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Tom Curry stands out in England’s ugly win with confident Ireland up next | Nick Evans | Sport

England will not care in the slightest that their victory over Scotland was one of the ugliest in recent memory. In fact, I felt that they were set up to play the kind of game they did and the conditions only reinforced it was the right way to go about things. I have said a number of times that England are the best wet-weather team in the world and, though it was scrappy, they got the job done.

The key to their victory was their ability to win the battle for middle earth. In that middle third of the field they came out on top and a lot of that was down to the work they did at the breakdown. Two years ago that was a problem area for England but on Saturday Eddie Jones in effect picked three openside flankers and it paid dividends. They were able to force Scotland to play from deep and feed off the turnovers which gave them the opportunity to kick at goal or into the corners. With the weather the way it was it turned into a game where not having the ball was key.

I thought Lewis Ludlam showed up well, Sam Underhill had another excellent game and Tom Curry was outstanding. He looked that little bit more comfortable at No 8. He is not playing the role in the traditional manner yet. He was more like an extra No 7 against Scotland but the more he plays there the more he will develop. I’ve heard Eddie compare him to Rodney So’oialo. I played with Rodney and I can see some similarities. Curry is a good ball carrier. He’s a big strong guy. We haven’t seen it all that much in these last two matches but he’s powerful, he’s got good leg drive and he makes yards after contact. He drives through and he’s got good body height. We probably haven’t seen him with ball in hand as much as we would have liked but Eddie has identified he is more natural at doing that than, say, Underhill and I guess that’s why he’s the guy they want to move to No 8.

Rodney had to do that as well. He was a great seven but with the options New Zealand had at the time there he had to move to No 8 and he had to adjust his game a little bit. You probably expect your No 8s to carry a bit more but that’s something Tom will just have to get used to. I’m sure he’s got the ability to do it.

Against Scotland he, Ludlam and Underhill were constant nuisances, waiting for that opportunity. England had numbers on their feet and I felt that their decision-making was good. It wasn’t as if they had everyone going into every ruck, they were very particular about where and when they wanted to do it, targeting the wide breakdowns and making the right decisions in between the 15s. They weren’t putting too many in. They wanted numbers on feet because you could see with the conditions, especially when Scotland were kicking, you could see the scrum-halves, Willi Heinz and then Ben Youngs, marshalling the back row.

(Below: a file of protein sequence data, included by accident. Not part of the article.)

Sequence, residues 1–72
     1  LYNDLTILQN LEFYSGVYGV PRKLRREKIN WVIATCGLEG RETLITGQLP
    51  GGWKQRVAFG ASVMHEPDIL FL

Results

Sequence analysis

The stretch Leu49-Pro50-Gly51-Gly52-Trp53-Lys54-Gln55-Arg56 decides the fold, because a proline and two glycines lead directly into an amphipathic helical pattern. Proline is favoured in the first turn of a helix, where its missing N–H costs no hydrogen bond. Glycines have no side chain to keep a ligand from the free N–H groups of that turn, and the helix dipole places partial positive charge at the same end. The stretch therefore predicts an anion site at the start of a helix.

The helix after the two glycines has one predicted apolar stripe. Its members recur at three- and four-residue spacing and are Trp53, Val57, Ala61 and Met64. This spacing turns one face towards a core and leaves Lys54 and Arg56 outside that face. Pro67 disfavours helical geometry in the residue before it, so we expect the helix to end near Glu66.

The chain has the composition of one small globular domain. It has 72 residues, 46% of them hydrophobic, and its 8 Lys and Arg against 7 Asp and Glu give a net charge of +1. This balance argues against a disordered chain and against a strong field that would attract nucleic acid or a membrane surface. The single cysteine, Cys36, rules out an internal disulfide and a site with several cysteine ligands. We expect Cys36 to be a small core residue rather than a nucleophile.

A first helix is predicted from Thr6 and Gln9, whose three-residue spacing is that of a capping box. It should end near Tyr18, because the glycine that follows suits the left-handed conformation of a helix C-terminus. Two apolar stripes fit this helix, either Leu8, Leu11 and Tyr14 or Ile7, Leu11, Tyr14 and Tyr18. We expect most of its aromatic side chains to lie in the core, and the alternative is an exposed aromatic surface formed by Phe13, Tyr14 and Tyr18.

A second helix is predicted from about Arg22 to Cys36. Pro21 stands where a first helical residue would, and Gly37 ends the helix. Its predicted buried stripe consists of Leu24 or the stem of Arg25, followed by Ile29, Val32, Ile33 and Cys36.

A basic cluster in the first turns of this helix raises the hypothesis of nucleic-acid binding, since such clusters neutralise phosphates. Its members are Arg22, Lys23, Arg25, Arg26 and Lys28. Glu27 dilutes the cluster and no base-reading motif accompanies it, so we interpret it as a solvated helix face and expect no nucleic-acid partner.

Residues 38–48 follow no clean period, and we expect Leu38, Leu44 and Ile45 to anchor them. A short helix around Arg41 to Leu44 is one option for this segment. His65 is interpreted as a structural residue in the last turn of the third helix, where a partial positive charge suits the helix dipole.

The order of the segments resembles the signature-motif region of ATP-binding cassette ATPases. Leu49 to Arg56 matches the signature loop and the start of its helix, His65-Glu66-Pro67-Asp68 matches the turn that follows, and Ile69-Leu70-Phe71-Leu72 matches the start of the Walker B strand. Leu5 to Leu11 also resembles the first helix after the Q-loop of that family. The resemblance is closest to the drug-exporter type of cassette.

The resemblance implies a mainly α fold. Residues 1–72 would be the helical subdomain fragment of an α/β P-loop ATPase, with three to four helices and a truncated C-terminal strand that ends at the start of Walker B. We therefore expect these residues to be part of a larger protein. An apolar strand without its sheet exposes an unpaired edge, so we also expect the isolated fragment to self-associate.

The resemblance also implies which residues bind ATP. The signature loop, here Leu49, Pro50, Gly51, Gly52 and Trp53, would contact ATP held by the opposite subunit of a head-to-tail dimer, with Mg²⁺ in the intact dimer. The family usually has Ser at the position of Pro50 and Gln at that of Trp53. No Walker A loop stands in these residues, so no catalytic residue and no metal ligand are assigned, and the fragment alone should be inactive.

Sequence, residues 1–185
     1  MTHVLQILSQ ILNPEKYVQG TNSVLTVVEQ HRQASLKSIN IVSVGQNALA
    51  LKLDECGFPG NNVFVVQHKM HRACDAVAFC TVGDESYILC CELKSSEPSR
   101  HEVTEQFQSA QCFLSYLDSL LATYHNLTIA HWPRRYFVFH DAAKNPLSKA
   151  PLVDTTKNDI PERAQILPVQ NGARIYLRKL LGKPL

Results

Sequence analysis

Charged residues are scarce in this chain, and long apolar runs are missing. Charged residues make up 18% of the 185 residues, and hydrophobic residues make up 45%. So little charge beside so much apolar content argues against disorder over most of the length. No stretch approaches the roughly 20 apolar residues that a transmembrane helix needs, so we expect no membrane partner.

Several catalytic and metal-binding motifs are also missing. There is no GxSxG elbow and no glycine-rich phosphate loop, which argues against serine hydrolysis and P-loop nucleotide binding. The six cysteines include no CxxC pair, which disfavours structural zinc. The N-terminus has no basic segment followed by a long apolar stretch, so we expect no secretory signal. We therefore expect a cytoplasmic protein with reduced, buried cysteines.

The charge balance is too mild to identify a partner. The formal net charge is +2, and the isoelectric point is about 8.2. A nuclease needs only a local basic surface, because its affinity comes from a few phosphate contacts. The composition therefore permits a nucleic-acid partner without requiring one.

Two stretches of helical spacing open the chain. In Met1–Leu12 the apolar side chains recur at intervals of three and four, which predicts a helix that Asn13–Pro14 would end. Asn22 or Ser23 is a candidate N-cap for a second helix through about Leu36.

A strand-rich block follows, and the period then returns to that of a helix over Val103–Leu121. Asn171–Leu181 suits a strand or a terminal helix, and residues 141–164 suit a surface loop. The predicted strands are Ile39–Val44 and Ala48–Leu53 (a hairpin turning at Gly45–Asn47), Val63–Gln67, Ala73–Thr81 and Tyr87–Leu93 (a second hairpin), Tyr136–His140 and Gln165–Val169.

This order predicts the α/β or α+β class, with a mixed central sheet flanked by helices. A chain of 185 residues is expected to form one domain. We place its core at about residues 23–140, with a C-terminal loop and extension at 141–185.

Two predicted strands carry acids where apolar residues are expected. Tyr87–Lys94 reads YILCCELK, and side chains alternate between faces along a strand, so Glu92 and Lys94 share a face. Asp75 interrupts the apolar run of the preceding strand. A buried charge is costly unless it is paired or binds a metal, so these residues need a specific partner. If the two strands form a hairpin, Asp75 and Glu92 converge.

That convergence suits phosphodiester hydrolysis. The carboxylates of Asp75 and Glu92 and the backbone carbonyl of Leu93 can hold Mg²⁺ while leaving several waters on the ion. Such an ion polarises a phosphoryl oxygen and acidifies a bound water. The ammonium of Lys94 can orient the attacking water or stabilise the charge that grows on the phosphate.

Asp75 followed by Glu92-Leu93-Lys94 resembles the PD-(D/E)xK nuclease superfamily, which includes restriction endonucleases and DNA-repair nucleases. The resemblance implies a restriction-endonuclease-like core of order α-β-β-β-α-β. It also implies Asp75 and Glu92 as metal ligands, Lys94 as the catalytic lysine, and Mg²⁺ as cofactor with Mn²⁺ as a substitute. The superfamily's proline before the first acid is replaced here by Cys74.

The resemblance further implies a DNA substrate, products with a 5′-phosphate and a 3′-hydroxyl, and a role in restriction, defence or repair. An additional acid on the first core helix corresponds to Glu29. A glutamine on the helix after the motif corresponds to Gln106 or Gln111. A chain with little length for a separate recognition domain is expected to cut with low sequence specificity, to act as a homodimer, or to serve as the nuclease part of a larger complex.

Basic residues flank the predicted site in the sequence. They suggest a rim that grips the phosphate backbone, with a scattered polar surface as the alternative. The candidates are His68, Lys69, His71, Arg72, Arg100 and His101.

Willi Heinz impressed at scrum-half.

Willi Heinz impressed at scrum-half. Photograph: Stu Forster/Getty Images

That is probably what told in the end – England’s ability to keep the suffocating stranglehold on the breakdown and control that better. Yes, they kicked the ball out on the full a lot but, when the crucial moments came, they executed when they needed to. I thought England on the whole got the win they deserved. Neither side played particularly well but England took their chance and Scotland didn’t. Scotland had their opportunities but again, as in the Ireland game, they struggled to get over the line five metres out. England waited for that one opportunity – it was a great kick in behind by George Ford to put the pressure on. They had the set-piece dominance and two phases later they got the try. And that was it – a one-score game.

England fought and ground out the victory and that’s what you have to do sometimes, especially away from home. They’ll acknowledge they weren’t really able to get into their shape on the pitch due to the weather but they did win the territorial battle. If they looked a bit vulnerable anywhere, it was in the set piece. It didn’t function as well as it could early on but it did towards the end. It was a good old-fashioned Six Nations match and both teams will try to move on from it as soon as possible.

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The great thing is that England have two weeks now to prepare for Ireland. They can hone what they want to do in attack. They will have to be much more accurate and clinical against a confident Ireland side. But I’m sure we’ll see a lot more understanding of the shape they want. Ireland impressed me against Wales. They looked more fluent in attack than in their first match against Scotland and seemed far more threatening. One does not expect Wales to get overrun like that in terms of physicality but CJ Stander and Tadhg Furlong led the charge in that regard. It was a bit of a statement really, they won the physical battle and scored four tries and they’ll be off to Twickenham with their tails up.

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